David Davis vows to lead a rebellion against judicial review changes | Right

Former cabinet minister David Davis has pledged to lead a rebellion against the government’s changes to judicial review, calling them a disturbing assault on the justice system and an attempt to avoid accountability.

Ahead of the first major test of the Judicial Review and Tribunals Bill when it will be debated in the Commons on Tuesday, Davis wrote in an article for the Guardian that ministers’ plans “would tip the balance of the law in favor of the mighty”.

He cited the power of judicial reviews to give “victims a voice,” pointing to the reversal of the parole board’s decision to release serial rapist John Worboys. The MP for Haltemprice and Howden also praised campaigner Gina Miller for challenging the Government’s position early in the Brexit process that Article 50 could be triggered without parliamentary authorisation.

An overhaul of the judicial review process was promised in the 2019 Conservative manifesto, which said the mechanism should be “available to protect the rights of individuals against an authoritarian state”, but promised it would not be “abused to doing politics by another means”. or create unnecessary delays”.

Davis said judicial review “is helpful to individuals on matters affecting daily life” and was consistently used “to correct fundamental and dangerous errors of law.”

“Such attempts to consolidate power are deeply anti-conservative and forget that in a society governed by the rule of law, the government does not always get what it wants,” he said.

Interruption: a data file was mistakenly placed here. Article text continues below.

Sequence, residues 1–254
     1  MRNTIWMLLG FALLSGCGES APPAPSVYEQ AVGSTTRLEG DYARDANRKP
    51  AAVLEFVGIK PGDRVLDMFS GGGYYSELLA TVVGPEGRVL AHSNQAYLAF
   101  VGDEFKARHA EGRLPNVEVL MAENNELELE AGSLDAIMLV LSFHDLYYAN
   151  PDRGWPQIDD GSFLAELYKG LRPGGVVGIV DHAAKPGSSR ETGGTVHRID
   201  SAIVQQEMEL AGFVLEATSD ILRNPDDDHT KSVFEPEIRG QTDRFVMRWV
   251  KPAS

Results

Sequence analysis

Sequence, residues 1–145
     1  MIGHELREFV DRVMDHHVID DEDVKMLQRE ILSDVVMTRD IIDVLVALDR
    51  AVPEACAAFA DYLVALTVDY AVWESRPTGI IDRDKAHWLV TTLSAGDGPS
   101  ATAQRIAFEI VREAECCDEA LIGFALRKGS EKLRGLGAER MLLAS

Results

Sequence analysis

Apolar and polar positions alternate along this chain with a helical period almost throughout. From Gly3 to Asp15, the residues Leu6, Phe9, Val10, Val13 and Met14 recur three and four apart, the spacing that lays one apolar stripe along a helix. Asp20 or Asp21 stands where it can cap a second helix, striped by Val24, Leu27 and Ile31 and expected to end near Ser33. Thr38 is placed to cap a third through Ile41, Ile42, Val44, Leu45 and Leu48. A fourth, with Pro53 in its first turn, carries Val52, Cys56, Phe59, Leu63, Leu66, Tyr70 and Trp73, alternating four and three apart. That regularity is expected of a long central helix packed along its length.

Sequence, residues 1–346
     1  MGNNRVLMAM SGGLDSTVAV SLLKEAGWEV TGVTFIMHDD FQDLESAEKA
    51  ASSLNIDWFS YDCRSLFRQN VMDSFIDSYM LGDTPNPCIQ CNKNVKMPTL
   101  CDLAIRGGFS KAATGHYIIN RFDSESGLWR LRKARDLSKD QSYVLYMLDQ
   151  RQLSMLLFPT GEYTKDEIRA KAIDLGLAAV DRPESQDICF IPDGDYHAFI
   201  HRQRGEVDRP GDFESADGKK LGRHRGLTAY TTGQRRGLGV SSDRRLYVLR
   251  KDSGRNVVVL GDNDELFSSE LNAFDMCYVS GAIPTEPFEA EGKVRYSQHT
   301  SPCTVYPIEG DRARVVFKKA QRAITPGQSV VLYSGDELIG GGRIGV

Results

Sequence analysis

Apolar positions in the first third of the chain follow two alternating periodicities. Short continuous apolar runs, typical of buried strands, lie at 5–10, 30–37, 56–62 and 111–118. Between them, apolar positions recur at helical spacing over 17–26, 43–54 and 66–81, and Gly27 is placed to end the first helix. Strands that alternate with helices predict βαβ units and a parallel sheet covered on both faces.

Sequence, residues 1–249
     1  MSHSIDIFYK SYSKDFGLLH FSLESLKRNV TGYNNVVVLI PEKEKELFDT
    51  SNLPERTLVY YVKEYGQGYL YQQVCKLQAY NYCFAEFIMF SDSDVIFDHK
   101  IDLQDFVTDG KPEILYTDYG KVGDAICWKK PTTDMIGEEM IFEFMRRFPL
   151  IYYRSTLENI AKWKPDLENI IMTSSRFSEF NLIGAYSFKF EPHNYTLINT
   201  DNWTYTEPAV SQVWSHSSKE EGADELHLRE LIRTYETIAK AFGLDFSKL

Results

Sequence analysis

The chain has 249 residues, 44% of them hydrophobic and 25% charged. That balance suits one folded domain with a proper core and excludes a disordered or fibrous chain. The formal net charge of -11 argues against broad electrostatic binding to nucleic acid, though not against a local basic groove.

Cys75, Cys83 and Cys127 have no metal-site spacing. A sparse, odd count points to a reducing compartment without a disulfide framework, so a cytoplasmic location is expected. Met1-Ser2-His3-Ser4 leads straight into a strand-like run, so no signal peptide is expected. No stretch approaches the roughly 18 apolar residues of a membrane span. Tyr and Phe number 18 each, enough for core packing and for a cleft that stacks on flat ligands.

Davis also addressed suggestions that Cart’s so-called judicial reviews could be abolished, allowing the High Court to review a decision to deny someone leave to appeal a case. Davis said ministers viewed them as “expensive and unsuccessful”.

“While the attack on judicial review, and in particular Cart’s judicial review, is a worrying assault on our justice system, it is only part of the picture,” the former Brexit secretary wrote, whose former chief of staff Dominic Raab is now the justice of the peace. secretary.

Davis said the ministers were in effect trying to “deny the jurisdiction of a court in a certain matter” through a mechanism known as the “crowd-out” clause.

He wrote: “If left unchecked, the use of these exclusion clauses could give free rein to a government to designate certain decisions it has made, or the use of certain powers it attributes, as being unassailable in court. And the government, through this bill, wants to establish a framework for how exclusion clauses can be applied to other areas in future laws. It’s totally false.

“It all too clearly leaves the door open to the creation of new exclusion clauses that shield the courts from ruling in matters such as labor courts or social security.”

Davis said it “did not take an unbridled imagination to imagine a future government, ravaged by constant losses in the welfare courts, to suddenly legislate to remove the court’s vital oversight functions” in the decisions regarding labor courts or benefits.

A Department of Justice spokesperson said: “This bill respects our clear commitment to protect the rights of individuals, while ensuring that the courts are not open to abuse and delay.

“These changes will empower the judiciary to hold the government to account, while cracking down on those who seek to obstruct the judicial process.”

The Department of Justice previously claimed that Cart’s number of successful judicial reviews was only 0.22%, although Davis raised the question in his article, saying the figure was “grossly incorrect” and likely to be “much higher” at around 5.7%.